Wednesday, August 03, 2011

The Red Herring

SOYMB reads in the Guardian that once again the the Labour Party and their affiliated trade unions are poised for yet another conference confrontation about representation.

For nearly 100 years the Socialist Party has held a clear and consistent position that trade unions and political parties need to remain separate. We have considered it bizarre that trade unionists in public sector unions should hand over their dues money to their, effective, political employers. Feeding the hand that beat them.

Trade unions need freedom to manoeuvre and represent the interests of the membership – distinct groups within the working class. This freedom of manoeuvre means getting the best deal for their members within capitalism, often as against the general policy of a political party.

Desperate though they are to escape from the interests of the trade unions as it limits the party's capacity to manoeuvre between capitalist camps, the Labour leadership find themselves having to go back to them to keep the machinery of their party afloat.

Trade Unions are not political organisations, their main activity being in the industrial field; but because of their interest in trade union law and the laws governing employment, it was inevitable that they would seek political remedies through one or other of the political parties. In the struggle of the working class against the employers, it is not in the workers' interest that their unions should affiliate to or support the Labour Party, or any other political party which is committed to administering the capitalist system. In order to be effective, trade unions have to seek to organise all workers irrespective of the fact that they are divided in their political views. Tying the unions to one or other of the parties of capitalism promotes division not unity. Workers join trade unions in recognition of their common interest against the employers. They need to learn that no matter which political party is in power its weight will be thrown in support of the employers against them in their struggles.

The ideal trade-union, from a socialist point of view, would be one that recognised the irreconcilable conflict of interest between workers and employers, that had no leaders but was organised democratically and controlled by its members, that sought to organise all workers irrespective of nationality, colour, religious or political views, first by industry then into One Big Union, and which struggled not just for higher wages but also for the abolition of the wages system. The trouble is that this cannot become a full reality till large numbers of workers are socialists. In other words, you can’t have a union organised on entirely socialist principles without a socialist membership. However, it is clearly recognised that a union can be effective even without a socialist membership if it adheres to some at least of the features of the ideal socialist union outlined above, and will be the more effective the more of those principles it applies. This is why Socialist Party members in the existing unions have always insisted on recognition of the class struggle, democratic control by the membership and no affiliation to the Labour Party (our members refuse to pay the levy to the Labour Party) . That is why our members join them and work with their fellow workers to get what can be got out of employers. Inside them, we advocate a class approach and internal democracy while arguing that the only lasting solution to the problems is socialism and the abolition of the wages system. The non-revolutionary position of the existing unions is a reflection, not the cause, of the non-revolutionary ideas of their members. However, when more and more workers come to be socialists the unions will be transformed.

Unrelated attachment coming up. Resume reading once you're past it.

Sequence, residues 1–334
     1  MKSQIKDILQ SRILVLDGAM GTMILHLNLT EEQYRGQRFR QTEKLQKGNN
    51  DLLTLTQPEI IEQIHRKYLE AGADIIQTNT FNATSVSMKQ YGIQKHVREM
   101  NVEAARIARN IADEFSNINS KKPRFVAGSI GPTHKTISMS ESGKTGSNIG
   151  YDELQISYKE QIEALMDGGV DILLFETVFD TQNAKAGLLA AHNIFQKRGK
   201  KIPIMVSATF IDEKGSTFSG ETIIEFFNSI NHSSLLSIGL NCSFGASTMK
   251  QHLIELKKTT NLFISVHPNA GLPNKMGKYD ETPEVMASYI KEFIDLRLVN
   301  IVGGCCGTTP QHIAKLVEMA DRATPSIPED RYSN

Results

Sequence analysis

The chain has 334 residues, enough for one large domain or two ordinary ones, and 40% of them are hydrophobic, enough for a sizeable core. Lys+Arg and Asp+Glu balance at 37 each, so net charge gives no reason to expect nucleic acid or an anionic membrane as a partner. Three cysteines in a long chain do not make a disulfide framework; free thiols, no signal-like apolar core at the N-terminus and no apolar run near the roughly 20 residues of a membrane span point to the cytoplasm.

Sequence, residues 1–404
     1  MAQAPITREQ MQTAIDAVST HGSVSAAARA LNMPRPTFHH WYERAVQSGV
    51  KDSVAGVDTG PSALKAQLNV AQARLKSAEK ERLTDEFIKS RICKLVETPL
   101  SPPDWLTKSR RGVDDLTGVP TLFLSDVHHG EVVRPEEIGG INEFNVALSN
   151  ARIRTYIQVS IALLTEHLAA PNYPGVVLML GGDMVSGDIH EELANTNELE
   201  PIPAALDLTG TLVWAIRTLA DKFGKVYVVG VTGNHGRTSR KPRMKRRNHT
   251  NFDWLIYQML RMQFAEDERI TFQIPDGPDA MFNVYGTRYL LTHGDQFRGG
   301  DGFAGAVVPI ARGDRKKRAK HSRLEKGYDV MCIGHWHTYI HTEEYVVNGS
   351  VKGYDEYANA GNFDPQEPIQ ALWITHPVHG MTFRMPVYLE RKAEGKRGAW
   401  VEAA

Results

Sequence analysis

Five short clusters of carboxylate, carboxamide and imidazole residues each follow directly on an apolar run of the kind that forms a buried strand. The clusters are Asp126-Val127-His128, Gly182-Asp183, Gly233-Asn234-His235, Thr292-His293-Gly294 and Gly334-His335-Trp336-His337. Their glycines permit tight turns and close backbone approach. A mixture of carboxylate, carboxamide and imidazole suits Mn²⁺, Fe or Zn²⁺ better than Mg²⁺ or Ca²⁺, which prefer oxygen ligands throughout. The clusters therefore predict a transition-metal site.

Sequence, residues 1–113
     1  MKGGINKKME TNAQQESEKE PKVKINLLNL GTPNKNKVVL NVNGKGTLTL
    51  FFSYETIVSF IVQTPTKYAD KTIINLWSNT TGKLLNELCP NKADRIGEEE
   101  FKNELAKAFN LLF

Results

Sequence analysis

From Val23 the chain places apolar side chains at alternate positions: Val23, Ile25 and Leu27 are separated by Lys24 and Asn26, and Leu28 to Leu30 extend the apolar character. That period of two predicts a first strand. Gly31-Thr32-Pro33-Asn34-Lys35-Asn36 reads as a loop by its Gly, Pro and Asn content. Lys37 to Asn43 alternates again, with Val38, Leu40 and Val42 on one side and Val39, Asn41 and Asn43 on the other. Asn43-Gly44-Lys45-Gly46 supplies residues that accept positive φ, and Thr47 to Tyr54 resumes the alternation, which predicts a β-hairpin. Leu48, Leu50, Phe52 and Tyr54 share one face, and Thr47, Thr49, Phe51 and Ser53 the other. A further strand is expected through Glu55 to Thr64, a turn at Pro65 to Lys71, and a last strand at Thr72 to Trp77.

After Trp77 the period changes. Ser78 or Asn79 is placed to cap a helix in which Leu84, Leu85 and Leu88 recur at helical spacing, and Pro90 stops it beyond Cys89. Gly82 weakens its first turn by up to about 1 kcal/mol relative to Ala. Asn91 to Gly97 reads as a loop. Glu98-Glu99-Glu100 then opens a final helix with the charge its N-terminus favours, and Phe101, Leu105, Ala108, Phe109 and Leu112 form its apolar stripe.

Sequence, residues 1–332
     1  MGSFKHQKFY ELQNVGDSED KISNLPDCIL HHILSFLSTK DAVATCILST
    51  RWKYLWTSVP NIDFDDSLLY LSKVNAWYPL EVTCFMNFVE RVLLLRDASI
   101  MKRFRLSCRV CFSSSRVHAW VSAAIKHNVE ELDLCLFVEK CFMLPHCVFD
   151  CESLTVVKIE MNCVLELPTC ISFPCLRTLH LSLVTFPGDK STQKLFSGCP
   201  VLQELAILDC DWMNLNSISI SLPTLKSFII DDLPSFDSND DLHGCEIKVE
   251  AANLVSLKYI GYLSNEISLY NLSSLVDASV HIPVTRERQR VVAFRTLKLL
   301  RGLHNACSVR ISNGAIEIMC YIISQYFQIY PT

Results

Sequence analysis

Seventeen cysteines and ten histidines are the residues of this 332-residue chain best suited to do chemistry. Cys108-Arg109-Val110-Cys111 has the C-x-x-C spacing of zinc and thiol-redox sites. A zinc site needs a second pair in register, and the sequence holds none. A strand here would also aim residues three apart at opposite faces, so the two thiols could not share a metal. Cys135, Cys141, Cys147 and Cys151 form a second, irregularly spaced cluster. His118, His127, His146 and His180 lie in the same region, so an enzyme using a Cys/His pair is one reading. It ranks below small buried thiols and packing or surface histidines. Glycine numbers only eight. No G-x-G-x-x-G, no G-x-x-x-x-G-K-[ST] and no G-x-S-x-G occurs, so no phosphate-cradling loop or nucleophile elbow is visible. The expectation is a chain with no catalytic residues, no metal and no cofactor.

We need to organise not just in trade unions but also as a political party with socialism as its aim and policy. This the Labour Party never was, even though it was originally set up and financed by the trade unions. Its policy was to work for reforms within capitalism. Labour governments did bring in some reforms, but they were never able to make capitalism work in the interests of workers. That's just not possible. All of them ended up merely managing capitalism and in the only way it can ever be – as a profit-making system in the interests of those who live off profits extracted from the unpaid labour of wage and salary workers. Instead of Labour changing capitalism, capitalism has changed Labour into the miserable band of self-seeking apologists for capitalism that everybody today can see they are. It’s high time the unions stop financing this capitalist party, as some have already done. Labour reformism has failed once and it would fail again. So, let’s not go down that road a second time.

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